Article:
Frances Ann Carkeek was born on 18 June 1840 at Sydney, Australia. She was the daughter of Martha Piotti and her husband, Stephen Carkeek, commander of a revenue cutter. The family moved to Nelson, New Zealand, after Stephen Carkeek was appointed sub-collector of customs there in 1842.
Little is known about Frances's formative years, but she evidently enjoyed a good education. She may have attended dame schools in Nelson and Wellington, for she referred to them later in life when discussing the role of women in early colonial education. As an adult she was a prodigious reader and classical scholar, and had an abiding interest in educational matters.
The Carkeek family moved to Wellington in 1849 when Frances's father was appointed collector of customs. In 1851 he became a member of the Legislative Council of New Zealand. It was in Wellington that Frances met her future husband, John Tiffin Stewart, who was appointed provincial engineer in 1861. They were married at St Peter's Church, Wellington, on 22 November 1865. Five years later they moved to Foxton, at first living in a surveyor's tent while a large house was built. Five daughters and five sons were born there.
When John Stewart retired as district surveyor in 1889 the family shifted to Wanganui. They built a house on a 17-acre property at Aramoho, and named it Haumoana. The Stewarts became an important family in the area. They hosted garden parties and balls for the town's social élite, their sons attended Wanganui Collegiate School, and their daughters were taken on world trips. Frances was also active in the community. She was president of the local division of the St John Ambulance Association, and was a member of the management committee for the Wanganui exhibition held in 1894, which raised money for the town museum; her husband was vice president and then president of the museum's board of trustees.
In her many letters to newspapers, Frances Stewart is revealed as a prominent social activist. She saw herself first and foremost as a mother, often signing her letters 'A Mother' or 'Indignant Mother', and had a keen interest in anything concerning children. She was perhaps best known for her association with the Wanganui Orphanage, which was opened in August 1889 as a non-denominational Protestant home. She was also the first superintendent of the new Anglican Sunday schools at Christ Church and Aramoho, and donated land for the establishment of Wanganui Girls' College. In 1908 the Stewarts shifted into town. When their baby grandson became dangerously ill and was treated successfully by Frederic Truby King, their gratitude led them to bequeath their house in Plymouth Street for the care of children. It became the Stewart Karitane Home.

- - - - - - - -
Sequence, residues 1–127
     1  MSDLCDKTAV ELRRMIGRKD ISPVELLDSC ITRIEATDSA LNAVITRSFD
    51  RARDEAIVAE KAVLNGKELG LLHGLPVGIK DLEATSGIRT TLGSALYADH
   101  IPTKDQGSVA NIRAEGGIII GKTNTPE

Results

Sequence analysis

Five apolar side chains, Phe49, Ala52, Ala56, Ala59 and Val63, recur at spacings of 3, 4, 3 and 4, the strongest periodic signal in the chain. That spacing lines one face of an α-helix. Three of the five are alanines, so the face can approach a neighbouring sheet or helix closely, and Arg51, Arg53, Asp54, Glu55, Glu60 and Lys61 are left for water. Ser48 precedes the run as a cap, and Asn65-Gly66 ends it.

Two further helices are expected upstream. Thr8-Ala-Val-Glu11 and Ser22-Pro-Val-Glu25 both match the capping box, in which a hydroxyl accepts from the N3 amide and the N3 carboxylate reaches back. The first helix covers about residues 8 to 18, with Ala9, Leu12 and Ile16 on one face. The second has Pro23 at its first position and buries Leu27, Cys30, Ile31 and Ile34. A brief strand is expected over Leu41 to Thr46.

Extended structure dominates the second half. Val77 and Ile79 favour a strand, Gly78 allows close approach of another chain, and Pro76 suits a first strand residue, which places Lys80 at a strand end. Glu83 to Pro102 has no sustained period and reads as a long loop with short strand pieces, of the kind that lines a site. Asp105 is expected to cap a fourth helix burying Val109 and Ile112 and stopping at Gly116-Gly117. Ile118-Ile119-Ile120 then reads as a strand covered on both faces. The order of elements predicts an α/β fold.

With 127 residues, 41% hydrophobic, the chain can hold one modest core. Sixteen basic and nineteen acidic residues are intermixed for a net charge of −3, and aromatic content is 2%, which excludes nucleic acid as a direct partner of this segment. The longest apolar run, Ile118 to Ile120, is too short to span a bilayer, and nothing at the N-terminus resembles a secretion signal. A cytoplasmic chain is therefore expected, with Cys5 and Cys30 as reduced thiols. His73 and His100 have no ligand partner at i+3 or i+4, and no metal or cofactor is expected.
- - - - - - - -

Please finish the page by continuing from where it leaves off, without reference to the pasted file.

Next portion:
Frances Stewart championed the right of women to participate in public life, and became the first woman member of a hospital board. In 1896 she stood for election to the Wanganui Borough Council, hoping that once elected she would then be nominated to the Wanganui Hospital Board. She based her platform on women's experience and knowledge. This reflected the increasingly widespread view that women would bring superior qualities to bear on public activities, both through their social sympathies and as an extension of their nurturing role in the family and home. She failed to get elected, but was nevertheless appointed a representative on the hospital board for the Wanganui and Marton boroughs for 1897 and 1898, despite the objections of some councillors. In 1899 she retired because she found it difficult to achieve anything as a lone female voice, but in 1903 was reappointed for a year to represent Wanganui. On the board she campaigned for better training for nurses and improved conditions at the old people's Jubilee Home, where she had been appointed an official visitor in the 1890s. In 1910, when board members were for the first time elected rather than nominated, she tried, unsuccessfully, to regain a seat, stating, 'I consider myself a pioneer for my own sex, hoping that other women will have the courage to come forward the next time there is an election.'
Frances Stewart also advocated women's participation in church and school affairs, and supported prohibition and women's suffrage. Nevertheless, she felt that there should be limits to women's public activities. She endorsed mild and private action, and as a woman of social standing claimed a freedom for her peers that she was less happy to see extended universally. She felt it would be a mistake to grant the vote indiscriminately to all women as to all men, and believed that the franchise leagues formed in the 1890s did not represent the more sober-minded women of New Zealand. She predicted 'plenty of domestic unhappiness' if women were granted economic independence. Women should be educated, but to better fulfil their roles as wives and mothers.
Frances Stewart died at her home on 12 November 1916, three years after the death of her husband.